The Bull In The China Shop

bull-in-a-china-shop

I posted on this blog about not thinking bossy was a bad word here. One of the questions I was asked about was when I used the phrase, Bull In A China Shop, to describe a person who isn’t a boss but tries to act like one. This isn’t some medical term or anything, it’s just what I see in my mind’s eye when I see this character arrive on the scene. Here are their characteristics:

1. They are emotional. Easily angered, which masks their insecurities, they are fueled and run by their emotions. They are the leaders who humiliate to get what they want. One moment you are the star of their team and the next moment you’ve done nothing right. This isn’t leadership from a Christian perspective this is leadership from a fear tactic. From this pool is where you get your tyrants from. Unfortunately, it’s their way or the highway and they do not take input well.

2. They drive people. In ministry you quickly learn that a Shepherd leads their flock they don’t drive it. Human beings are made in the image of God and therefore do not do well when they are controlled as we are not supposed to control others. The God given dominion we were given was over the earth not over each other. When you assume that each person under your care is there to be controlled you create a hostile work environment, one in which the people are tired, afraid of the next blow, and always looking over their shoulder. They will not create anything because in this sphere of authority they never know what the outcome will be. It may be received well or it may be looked on as an attempt to a coup, so they quit trying because the end result is so risky.

And if those two main points aren’t enough, people aren’t happy to be in their presence. They front for the higher ups, but they are one way in the presence of one group and another way in the presence of the next group. Nothing is ever level or real.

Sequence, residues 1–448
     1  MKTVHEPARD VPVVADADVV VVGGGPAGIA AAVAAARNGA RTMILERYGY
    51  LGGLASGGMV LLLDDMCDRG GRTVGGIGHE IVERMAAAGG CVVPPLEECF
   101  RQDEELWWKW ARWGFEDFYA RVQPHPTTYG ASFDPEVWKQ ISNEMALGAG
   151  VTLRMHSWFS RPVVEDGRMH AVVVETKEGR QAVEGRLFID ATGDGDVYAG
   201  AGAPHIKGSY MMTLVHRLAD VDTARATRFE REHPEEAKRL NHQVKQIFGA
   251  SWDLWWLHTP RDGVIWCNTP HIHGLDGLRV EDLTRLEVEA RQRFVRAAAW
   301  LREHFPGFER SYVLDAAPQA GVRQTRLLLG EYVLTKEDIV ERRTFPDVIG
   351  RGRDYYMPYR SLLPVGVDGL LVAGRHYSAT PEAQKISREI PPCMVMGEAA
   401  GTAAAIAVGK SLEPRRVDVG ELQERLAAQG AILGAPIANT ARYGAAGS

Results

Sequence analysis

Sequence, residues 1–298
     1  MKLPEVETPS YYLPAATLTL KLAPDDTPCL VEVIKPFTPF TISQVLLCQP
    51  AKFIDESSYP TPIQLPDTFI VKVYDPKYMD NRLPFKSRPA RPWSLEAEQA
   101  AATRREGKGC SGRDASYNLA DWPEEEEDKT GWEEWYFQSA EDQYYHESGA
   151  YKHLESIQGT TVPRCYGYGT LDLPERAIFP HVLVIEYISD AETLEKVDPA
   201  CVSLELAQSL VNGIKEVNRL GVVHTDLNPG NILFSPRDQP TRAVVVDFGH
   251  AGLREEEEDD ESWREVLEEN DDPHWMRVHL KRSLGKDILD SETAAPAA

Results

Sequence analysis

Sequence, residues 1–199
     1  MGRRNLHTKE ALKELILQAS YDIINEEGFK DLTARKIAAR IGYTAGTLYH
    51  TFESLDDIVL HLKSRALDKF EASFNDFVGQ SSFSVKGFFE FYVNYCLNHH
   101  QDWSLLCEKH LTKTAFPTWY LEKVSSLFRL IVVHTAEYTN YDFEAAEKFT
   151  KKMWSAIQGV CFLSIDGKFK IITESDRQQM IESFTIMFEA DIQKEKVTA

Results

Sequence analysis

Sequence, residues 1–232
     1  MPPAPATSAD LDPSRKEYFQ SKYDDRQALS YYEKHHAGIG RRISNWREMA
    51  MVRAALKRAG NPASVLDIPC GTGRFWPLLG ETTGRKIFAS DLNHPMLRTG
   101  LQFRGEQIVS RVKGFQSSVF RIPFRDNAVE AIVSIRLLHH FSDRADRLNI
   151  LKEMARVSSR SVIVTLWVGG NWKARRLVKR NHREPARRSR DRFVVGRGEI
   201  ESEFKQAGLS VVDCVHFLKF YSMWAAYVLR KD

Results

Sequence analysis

It’s not always from a place of evil, although the world has certainly seen their share of evil leaders, most often it’s from a place of ignorance, a place where leadership skills have not been defined and where training has not taken place. It’s foolish but it isn’t always evil. I liken it to the kid who realized that if he throws a fit in the store, his parents quickly give him what he wants so that he’ll behave. The Bull in the China Shop has done the same thing. They have figured out that fits make people move and they stopped there. They realized that it worked and frankly they were too lazy and self involved to get some training in front of some leaders who had cohesive working teams and actual skills of leading. They didn’t read or apply what they learned about leadership.

 

Published in: on May 1, 2014 at 4:51 pm  Comments (2)  

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2 CommentsLeave a comment

  1. I think of a bull in a china shop as being tactless, reckless, thoughtless. A bull will no more appreciate or be able to tip toe lightly around fine china than it’s human counterpart is capable of knowing when to use diplomacy.

    There are plenty of people in the world who have this type of persona though and many of them are leaders simply because they’re not afraid to break a few pieces of china to get the job done..

    In the Christian arena, I don’t know. Seems completely counterproductive.

    • I so agree with you! In ministry it’s especially horrific as many who come into a ministry are broken, this personality shatters them and sadly we see it again and again. Thanks for reading!


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